History fades more with each passing day as all generations — but especially the youngest — let lessons from the past slide as immediate grievances gain salience. Across the globe, illiberalism has surged in nationalist movements, threatening the existing developed-world regime of democratic values and human rights for all regardless of immutable characteristics. Democracies have backslid to quasi-authoritarianism; other nations see far-right movements represented in parliamentary bodies and in presidential run-off elections.
In Poland, a country witnessing an erosion of liberal values at the hands of a right-wing populist party that’s curtailed only by mass demonstrations on the streets, the far-right movement has gained favor among neo-fascists angry at refugees and Islam. Their anger defies Polish history and shows pure and revolting hatred and a fascination — a lust — for the repressive regime that conquered and pillaged the country just 78 years ago.
During celebrations for Poland’s independence day, some 60,000 far-right marchers descended on Warsaw, throwing red-smoke bombs and carrying banners whose venom belonged in a celebration of Nazi Germany’s conquest of the state.
These proclaimed nationalsiists marched a “white Europe of brotherly nations” and a “Pure Poland,” a “white Poland.” They demanded that “refugees get out.” Others carried flags depicting a 1930s extreme-right symbol.
Some also carried banners depicting a falanga, a far-right symbol dating to the 1930s.
The evilest of them hung a banner reading “Pray for Islamic Holocaust.”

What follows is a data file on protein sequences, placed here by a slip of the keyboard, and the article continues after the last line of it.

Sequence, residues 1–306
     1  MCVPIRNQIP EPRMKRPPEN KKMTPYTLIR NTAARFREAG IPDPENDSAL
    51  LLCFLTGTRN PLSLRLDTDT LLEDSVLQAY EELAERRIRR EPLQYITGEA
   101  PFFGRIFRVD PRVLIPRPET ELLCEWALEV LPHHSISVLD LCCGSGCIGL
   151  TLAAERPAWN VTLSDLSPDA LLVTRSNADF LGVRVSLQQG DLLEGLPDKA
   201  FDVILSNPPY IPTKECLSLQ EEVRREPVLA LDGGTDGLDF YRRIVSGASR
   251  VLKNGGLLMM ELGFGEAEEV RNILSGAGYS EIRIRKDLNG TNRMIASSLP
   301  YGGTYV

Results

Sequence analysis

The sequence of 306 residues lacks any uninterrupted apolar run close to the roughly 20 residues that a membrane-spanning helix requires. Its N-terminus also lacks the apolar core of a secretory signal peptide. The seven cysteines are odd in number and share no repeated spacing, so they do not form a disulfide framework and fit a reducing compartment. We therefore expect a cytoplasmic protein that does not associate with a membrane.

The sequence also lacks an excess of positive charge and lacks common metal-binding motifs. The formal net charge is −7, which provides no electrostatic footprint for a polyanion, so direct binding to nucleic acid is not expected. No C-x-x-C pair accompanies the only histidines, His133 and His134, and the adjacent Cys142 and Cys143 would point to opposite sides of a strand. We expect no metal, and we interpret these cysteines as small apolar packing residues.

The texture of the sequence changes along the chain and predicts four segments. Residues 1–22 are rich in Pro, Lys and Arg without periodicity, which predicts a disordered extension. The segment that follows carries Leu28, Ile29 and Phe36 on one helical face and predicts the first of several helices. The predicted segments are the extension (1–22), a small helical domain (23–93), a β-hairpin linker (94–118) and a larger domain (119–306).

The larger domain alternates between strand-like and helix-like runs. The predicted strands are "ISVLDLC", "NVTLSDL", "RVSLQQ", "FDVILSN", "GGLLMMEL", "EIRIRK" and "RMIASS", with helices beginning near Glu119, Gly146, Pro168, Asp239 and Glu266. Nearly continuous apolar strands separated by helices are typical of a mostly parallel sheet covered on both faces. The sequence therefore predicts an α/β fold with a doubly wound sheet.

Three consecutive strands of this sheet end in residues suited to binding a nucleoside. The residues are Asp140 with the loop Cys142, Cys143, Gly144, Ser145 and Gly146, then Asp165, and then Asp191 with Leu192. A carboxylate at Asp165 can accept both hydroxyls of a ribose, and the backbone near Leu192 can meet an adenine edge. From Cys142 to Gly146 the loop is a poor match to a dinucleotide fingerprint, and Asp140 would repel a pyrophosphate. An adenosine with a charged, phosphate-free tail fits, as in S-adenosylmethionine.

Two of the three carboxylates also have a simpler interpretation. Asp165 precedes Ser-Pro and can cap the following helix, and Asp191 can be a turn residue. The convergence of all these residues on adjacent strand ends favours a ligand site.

These protests faced no official condemnation. “State broadcaster TVP, which reflects the conservative government’s line, called it a ‘great march of patriots,’ and in its broadcasts described the event as one that drew mostly regular Poles expressing their love of Poland, not extremists.”
The Interior Minister called it a “beautiful sight” and remarked that the government was “proud that so many Poles have decided to take part in a celebration connected to the Independence Day holiday.”
Polish history is one of repression. It only reemerged as a sovereign state in 1918 after European powers divvied it up to satiate expansionist desires and remained free for only 21 years before Nazi Germany’s invasion started the Second World War.
Nazi Germany initially placed Polish Jews in ghettos, leaving them to suffer from illness and die of starvation, walled off from the rest of civilization with bridges connecting disparate parts of the ghetto. Warsaw’s ghetto trapped more than 400,000 Jews, with 7.2 people per room. 300,000 Jews in the Ghetto died from bullets or gas; 92,000 others perished from hunger or hunger-related diseases. Another 250,000 went from the Ghetto to death camps.
Three million Polish Jews — 90 percent of the nation’s Jews — perished during the Holocaust.
This is the history Poland’s far-right marchers glorify. The symbols they borrow, the words they chant, come from a Reich determined to wholly exterminate an entire religion. And yet, despite the genocide committed within Poland’s borders, too many in Poland support an Islamic holocaust.
Too many Poles ignore this history and embrace ideas they don’t understand to express their irrational anger at a religion foreign to them, and so therefore scary. History fades and dies, because of it, people might, too.